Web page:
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Picture a vehicle that’s "comfort-focused" and comes with heated and cooled leather seats, a premium audio system, a suspension "that glides over most rough road surfaces" and a cabin so quiet that "you never need to raise your voice to talk."
Now picture an "opulent" vehicle that coddles its owner with a hand-stitched leather interior, "top-notch interior trim finishes" and "myriad amenities like heated and cooled front seats, heated rear seats and a heated steering wheel."
If you’re like most people, you probably conjured images from a short list of brands that have well-earned reputations: Lexus, Mercedes-Benz, Audi, BMW, Cadillac and Porsche, among others.
However, the first description was compiled from reviews of a sedan associated more with solid transportation at a popular price, the Kia Cadenza. The second is a list of the attributes of today’s finest pickups.
These days, the definition of "luxury" is hard to pin down. Some reviewers say it depends on how far beyond "the basics" a vehicle goes. Others say it’s not enough for a luxury vehicle to be nice; it has to pamper you. Others still say it all comes down to price, although they frequently add that however much more you pay is darn well worth it.
Finally, some suggest that a luxury car is one that makes people say, "There goes someone who’s really made it."
Autotrader.com Executive Editor Brian Moody says luxury "is about pleasing the senses" – which the familiar luxury automakers do well. Still, he asks, "Can a company like Kia, known primarily for economy cars, build a luxury car? You’d say no if your definition of luxury is primarily based on branding. But, if you define luxury as attractive, high-quality and pleasing to the senses, then yes, Kia can build a luxury car."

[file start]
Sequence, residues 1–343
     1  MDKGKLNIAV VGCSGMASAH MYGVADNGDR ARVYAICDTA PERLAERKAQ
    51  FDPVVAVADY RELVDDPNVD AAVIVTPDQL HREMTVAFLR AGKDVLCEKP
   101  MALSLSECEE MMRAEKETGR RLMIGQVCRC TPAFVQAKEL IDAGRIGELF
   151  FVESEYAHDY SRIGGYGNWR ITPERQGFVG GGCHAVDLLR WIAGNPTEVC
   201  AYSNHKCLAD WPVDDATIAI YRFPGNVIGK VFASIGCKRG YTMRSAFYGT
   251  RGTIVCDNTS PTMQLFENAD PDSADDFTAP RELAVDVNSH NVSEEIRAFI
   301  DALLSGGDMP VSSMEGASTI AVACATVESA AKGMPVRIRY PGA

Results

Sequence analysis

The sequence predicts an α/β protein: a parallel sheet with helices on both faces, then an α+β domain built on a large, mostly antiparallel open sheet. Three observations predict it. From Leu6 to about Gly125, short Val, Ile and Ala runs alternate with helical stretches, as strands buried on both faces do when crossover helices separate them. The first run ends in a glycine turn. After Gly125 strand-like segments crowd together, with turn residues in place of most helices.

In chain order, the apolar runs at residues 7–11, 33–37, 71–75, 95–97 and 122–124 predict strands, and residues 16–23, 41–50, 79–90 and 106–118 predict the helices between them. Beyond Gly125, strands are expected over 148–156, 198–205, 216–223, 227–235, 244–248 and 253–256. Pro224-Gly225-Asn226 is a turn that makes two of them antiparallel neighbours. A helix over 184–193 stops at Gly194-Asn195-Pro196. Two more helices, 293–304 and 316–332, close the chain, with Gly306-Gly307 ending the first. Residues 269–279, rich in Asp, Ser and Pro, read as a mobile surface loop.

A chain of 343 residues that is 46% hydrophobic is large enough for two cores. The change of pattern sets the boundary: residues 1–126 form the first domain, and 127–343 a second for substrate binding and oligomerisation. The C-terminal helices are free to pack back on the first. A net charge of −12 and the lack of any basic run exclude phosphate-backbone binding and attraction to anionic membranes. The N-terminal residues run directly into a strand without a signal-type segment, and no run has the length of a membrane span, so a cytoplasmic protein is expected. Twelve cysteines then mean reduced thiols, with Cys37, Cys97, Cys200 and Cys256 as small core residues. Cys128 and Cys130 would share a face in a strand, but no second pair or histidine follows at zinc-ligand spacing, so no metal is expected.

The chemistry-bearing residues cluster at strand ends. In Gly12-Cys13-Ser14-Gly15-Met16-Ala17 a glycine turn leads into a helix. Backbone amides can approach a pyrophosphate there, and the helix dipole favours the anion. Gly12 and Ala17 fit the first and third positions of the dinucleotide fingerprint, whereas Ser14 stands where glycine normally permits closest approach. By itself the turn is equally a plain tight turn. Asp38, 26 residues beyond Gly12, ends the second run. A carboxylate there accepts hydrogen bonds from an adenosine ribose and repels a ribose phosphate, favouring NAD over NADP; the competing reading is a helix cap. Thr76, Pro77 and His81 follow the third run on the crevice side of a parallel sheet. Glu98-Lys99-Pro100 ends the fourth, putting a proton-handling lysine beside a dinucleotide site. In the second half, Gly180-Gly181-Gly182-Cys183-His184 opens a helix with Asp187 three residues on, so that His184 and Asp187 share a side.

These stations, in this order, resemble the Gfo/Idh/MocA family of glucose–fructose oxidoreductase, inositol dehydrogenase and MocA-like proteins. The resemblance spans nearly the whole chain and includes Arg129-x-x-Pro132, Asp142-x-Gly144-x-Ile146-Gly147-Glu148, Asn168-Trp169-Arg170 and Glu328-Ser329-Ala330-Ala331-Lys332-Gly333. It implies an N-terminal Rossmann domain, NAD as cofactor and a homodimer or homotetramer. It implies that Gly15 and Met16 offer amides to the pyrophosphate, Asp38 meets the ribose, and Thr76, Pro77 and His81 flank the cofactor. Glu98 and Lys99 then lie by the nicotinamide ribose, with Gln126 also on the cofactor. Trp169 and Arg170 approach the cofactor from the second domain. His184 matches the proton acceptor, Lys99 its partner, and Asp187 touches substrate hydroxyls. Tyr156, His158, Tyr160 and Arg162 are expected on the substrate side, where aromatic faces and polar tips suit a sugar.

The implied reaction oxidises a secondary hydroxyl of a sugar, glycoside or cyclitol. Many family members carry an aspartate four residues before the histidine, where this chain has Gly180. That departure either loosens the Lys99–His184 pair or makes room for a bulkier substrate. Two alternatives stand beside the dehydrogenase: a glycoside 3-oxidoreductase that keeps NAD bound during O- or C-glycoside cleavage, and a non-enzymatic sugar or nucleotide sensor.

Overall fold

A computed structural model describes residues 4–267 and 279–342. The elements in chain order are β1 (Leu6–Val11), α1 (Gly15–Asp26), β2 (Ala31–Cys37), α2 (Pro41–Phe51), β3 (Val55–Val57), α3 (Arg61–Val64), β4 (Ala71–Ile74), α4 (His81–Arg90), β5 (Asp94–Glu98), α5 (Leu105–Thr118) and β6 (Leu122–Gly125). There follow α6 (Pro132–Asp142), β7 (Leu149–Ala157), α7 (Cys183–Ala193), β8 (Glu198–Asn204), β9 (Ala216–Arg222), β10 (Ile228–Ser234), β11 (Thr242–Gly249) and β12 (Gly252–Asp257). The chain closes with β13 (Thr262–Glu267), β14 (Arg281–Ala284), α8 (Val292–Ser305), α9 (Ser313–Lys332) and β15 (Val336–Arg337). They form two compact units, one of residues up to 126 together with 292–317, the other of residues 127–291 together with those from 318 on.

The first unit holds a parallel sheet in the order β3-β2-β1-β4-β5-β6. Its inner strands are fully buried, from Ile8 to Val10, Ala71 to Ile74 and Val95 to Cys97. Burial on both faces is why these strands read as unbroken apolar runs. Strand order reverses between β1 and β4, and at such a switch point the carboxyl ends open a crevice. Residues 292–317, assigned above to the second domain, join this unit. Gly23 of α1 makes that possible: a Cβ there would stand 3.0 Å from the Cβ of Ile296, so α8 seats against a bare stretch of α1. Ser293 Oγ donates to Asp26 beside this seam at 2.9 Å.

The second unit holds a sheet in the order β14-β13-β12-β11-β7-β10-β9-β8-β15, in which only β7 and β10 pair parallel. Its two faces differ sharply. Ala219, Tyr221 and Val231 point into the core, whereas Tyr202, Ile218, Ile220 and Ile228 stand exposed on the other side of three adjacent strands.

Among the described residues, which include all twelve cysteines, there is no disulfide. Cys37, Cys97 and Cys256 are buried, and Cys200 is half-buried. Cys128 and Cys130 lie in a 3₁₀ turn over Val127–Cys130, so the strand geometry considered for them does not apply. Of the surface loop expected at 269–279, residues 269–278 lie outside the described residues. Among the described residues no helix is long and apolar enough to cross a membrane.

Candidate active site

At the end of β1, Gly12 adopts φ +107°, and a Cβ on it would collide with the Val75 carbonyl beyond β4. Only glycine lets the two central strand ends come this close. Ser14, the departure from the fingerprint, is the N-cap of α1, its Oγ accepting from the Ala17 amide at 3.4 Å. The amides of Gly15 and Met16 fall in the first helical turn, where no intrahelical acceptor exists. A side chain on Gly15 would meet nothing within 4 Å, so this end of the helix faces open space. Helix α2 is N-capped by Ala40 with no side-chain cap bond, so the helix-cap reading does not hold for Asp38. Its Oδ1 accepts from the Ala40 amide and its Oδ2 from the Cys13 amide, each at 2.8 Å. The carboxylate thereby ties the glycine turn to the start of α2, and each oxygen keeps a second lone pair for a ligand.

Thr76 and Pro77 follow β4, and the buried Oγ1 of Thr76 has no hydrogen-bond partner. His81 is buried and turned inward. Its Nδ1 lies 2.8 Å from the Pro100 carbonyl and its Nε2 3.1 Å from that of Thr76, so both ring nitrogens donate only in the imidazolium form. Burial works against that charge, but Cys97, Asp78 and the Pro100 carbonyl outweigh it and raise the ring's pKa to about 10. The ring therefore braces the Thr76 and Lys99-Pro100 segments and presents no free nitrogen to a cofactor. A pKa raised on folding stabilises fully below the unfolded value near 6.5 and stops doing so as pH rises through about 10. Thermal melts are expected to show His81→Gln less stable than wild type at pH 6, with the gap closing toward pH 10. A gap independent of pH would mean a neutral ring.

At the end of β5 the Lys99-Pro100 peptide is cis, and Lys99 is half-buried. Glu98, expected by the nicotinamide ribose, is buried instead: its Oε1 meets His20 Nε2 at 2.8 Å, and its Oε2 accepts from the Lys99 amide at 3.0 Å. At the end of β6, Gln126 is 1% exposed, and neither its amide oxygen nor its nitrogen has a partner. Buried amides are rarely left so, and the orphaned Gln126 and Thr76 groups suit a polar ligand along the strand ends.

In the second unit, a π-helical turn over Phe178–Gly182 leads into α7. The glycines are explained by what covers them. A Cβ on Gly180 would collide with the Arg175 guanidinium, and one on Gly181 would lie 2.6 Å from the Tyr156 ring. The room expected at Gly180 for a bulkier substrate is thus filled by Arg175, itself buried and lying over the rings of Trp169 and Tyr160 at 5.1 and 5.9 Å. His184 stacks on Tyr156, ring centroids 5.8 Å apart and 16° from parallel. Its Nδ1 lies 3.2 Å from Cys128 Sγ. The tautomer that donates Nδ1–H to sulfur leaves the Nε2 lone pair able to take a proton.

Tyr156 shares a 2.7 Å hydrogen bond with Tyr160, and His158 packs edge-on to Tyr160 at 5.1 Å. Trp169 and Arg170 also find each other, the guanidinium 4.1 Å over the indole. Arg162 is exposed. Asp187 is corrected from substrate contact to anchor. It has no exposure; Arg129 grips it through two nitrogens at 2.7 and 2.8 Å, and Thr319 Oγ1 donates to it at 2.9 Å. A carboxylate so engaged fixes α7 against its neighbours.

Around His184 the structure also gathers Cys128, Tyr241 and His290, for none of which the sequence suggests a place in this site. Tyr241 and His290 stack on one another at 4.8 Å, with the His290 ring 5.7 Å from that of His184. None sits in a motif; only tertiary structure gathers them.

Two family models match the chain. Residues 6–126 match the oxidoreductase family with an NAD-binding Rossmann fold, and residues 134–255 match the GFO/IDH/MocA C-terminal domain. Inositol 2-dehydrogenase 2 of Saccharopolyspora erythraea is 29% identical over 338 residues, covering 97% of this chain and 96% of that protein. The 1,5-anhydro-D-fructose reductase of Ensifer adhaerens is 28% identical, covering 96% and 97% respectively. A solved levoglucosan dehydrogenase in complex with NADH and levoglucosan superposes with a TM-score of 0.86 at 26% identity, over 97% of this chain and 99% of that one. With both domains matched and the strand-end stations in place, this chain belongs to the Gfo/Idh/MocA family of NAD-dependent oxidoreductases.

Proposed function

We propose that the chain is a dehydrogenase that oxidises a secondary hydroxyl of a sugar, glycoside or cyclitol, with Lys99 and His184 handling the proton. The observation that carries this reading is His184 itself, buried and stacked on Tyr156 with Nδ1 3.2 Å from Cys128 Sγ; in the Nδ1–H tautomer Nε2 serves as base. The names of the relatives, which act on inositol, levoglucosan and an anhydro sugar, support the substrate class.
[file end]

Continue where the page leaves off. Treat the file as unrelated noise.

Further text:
And that car, he says, is the Cadenza.
Don Kramer, general manager at Rosen Nissan Kia of Milwaukee, says there’s no question that the top top-of-the-line Cadenza Limited – Edmunds.com’s number one ranked large sedan for 2019 – is a luxury car. If you do question it, though, he suggests test driving one.
"It compares to traditional luxury cars," he says. "People buy Cadenza for the ride and the equipment, but price is definitely a factor. Some comparable vehicles cost $30,000 more."
According to online sources, a base Cadenza starts at $33,000, while the Limited starts at $44,000 with what reviewers agree is an impressive array of premium features.
Autotrader’s Moody notes that if you add enough features, almost any vehicle can be considered luxurious – including the top-of-the-line Touring Elite version of at least one minivan, the Honda Odyssey.
"If you can accept that one brand can sell everything from a budget friendly fuel-sipper to a high-performance coupe or luxury sedan," he says, "it might change the way you shop for a new car."
People who sell mainstream and upscale models will tell you as much, too.